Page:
Carver Banks On Local Community

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Dedication to the community has proven profitable for Carver, which is touted as the largest African- and Caribbean-American operated bank in the country.

Carver Surges


The earliest Black-owned banks which first opened for business in the late 19th century-were educational, self-help vehicles.



For Black communities, these burgeoning enterprises were the main
source of information regarding buying homes, starting businesses and
other financial activities. 

Reconnecting to this legacy,
Carver Bancorp, Inc., the holding company for Carver Federal Savings
Bank, recently announced an alliance with Merrill Lynch. "Now our
customers and communities have access to one of the world's best wealth
management experts, right in their neighborhood," says Carver's
chairman and chief executive officer, Deborah C. Wright.

"This
unprecedented alliance continues Carver's history of identifying the
unique financial needs of our communities and helping provide our
customers with access to the financial products and services they need
to create security and build wealth for themselves and their families."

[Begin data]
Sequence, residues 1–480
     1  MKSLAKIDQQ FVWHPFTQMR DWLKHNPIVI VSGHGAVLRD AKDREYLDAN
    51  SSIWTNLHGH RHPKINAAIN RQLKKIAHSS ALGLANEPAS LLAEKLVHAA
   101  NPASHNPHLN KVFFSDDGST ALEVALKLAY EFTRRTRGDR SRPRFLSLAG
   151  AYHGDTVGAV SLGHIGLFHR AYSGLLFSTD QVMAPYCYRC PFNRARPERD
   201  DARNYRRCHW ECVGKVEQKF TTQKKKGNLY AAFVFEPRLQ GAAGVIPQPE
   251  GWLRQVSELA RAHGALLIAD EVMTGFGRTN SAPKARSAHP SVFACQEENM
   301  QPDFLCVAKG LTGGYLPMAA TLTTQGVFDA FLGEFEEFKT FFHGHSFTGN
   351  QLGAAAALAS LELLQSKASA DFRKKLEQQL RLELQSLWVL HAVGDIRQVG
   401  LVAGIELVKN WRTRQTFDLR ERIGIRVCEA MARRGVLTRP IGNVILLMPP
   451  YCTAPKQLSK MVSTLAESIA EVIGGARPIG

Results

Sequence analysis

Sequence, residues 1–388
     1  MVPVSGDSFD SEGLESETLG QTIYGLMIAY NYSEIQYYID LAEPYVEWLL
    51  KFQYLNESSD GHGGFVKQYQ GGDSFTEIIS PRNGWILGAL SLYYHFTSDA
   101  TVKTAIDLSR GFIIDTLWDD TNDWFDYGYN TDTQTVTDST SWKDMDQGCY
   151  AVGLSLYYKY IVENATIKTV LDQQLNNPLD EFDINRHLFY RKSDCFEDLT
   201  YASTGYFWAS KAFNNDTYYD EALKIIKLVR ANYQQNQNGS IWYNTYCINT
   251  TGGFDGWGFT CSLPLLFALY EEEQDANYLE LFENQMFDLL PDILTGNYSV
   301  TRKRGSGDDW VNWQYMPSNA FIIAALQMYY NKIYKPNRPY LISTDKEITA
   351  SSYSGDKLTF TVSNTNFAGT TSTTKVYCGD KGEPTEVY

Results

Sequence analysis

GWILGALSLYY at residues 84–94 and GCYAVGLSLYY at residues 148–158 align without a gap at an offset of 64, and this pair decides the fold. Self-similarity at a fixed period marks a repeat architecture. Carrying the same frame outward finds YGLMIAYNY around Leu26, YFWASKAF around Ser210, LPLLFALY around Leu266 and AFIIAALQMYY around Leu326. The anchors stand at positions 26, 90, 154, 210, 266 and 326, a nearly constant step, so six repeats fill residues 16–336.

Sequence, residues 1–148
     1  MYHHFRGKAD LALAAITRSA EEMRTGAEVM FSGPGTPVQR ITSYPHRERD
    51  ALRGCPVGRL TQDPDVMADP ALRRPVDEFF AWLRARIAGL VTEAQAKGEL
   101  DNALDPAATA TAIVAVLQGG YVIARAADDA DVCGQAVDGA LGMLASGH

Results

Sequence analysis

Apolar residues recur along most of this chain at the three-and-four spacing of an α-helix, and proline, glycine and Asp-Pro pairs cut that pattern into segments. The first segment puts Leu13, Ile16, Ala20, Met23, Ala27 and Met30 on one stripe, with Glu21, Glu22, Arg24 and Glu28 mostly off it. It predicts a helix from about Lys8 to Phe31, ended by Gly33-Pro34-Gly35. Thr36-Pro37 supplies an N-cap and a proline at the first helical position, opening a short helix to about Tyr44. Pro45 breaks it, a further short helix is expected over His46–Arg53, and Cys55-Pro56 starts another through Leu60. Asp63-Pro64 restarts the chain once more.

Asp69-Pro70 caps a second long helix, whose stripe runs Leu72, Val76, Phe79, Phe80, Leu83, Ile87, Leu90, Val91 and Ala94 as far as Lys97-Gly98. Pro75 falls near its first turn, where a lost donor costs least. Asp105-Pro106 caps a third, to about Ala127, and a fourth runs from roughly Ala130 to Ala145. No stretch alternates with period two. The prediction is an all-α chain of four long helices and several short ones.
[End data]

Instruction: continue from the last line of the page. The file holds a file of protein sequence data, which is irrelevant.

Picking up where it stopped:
Dedication to the community has proven profitable for Carver,
which is touted as the largest African- and Caribbean-American operated
bank in the country. Last year Carver acquired the Brooklyn-based
Community Capital Bank in an $11 million deal-the largest in Carver
history. 

More recently Carver was listed as the top
grossing bank on the Black Enterprise top 100 list. Wright attributes
Carver's recent gains to "the support of our loyal customers and the
hard work of our employees."  

The Harlem-based
institution first began operations with just one employee on January 5,
1949, the birthday of George Washington Carver, the world renowned
scientist after whom the bank is named. From these humble beginnings on
West 125th Street, Carver evolved into a thriving enterprise with $655
million in assets and 130 employees. The bank operates eight full
service branches in the New York City boroughs of Brooklyn, Queens, and
Manhattan.

Wright is proud that all Carver's branches are
located in areas predominently populated by African Americans. To
display a sense of unity with the neighborhood, in 2001 when Carver
opened it's branch on 117th Street and Malcolm X Boulevard in
Harlem,  two Adrinkra symbols, WAWA ABA and ERA, meaning
"perseverance" and "justice" were featured in the branch's design.
Adinkra symbols are used by the Asante people of Ghana and can be found
woven into cloth and on walls and pottery.

Wright, who earned
A.B., J.D. and MBA degrees from Harvard University, took over the reins
of Carver in 1999.  As for being listed as the top bank in BE,
Wright says "Carver is honored to be listed No. 1 on the BE 100s list
of Banks.we are very excited about the coming year and the
opportunities it will bring for Carver and our communities."

Before
assuming her current position, Wright was President and CEO of the
Upper Manhattan Empowerment Zone Development Corporation. She
previously served as Commissioner of the Department of Housing
Preservation and Development under Mayor Rudolph W. Giuliani. Prior to
that appointment, Mayor David N. Dinkins appointed Wright to the New
York City Housing
Authority Board.


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